Report: Many governments facing revenue shortfalls due to COVID-19
A new survey of local governments reveals that 68 percent of responding governments see moderate, significant or major financial adjustments as being needed due to the ongoing coronavirus pandemic.
The State of Local Government Survey, released by cloud ERP software provider OpenGov in December, reveals the gaps that 501 local governments have found across their talent, processes and technology.
To lessen revenue losses, 56 percent postponed capital equipment purchases and projects, according to the survey. As American City & County previously reported, a survey from the National League of Cities (NLC) showed that 65 percent of respondents either delayed or postponed infrastructure projects and capital expenditures.
Meanwhile, 54 percent applied for grants and 51 percent reported freezing hiring, training or travel. So far, 39 percent have used or are considering using CARES Act funding or other funding to improve technology.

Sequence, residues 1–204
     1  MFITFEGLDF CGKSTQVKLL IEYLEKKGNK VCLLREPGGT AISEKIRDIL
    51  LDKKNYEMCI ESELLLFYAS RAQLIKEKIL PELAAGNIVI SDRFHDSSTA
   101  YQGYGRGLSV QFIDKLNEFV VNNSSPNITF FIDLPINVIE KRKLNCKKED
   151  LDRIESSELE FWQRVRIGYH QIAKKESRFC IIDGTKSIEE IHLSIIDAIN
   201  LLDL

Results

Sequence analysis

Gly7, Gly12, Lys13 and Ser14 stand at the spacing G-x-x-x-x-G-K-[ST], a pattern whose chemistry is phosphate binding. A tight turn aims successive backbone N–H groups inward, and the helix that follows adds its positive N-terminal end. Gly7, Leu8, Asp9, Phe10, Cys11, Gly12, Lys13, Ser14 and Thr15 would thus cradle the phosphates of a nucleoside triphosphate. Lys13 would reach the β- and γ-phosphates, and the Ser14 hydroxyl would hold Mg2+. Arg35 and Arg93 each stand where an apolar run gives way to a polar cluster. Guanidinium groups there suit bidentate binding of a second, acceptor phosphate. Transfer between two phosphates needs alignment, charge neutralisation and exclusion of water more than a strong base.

Like many employers, local governments have also placed priority in transitioning their workforces to a work-from-home model. In addressing their workforces’ needs, 62 percent invested in hardware and software needed to work remotely, while 51 percent invested in technology to allow virtual public meetings. American City & County has reported extensively both on government workforces moving to remote work and city/county councils moving public meetings online.
Over the next 1-2 years, 42 percent are prioritizing investments in ensuring continuity and remote access, while 40 percent are investing in improving citizen services. The technology that local governments use to improve citizen services and to improve remote access since the pandemic began has varied widely, as American City & County previously reported.
Doing so will be key for government coffers as well, since 82 percent of local governments reported losing revenues from fees and fines. As such, half are moving more services online, while 31 percent are going virtual with permitting and inspections. However, only 21 percent reported being compelled to upgrade core technology systems based on needs.
You can view OpenGov’s report by clicking here.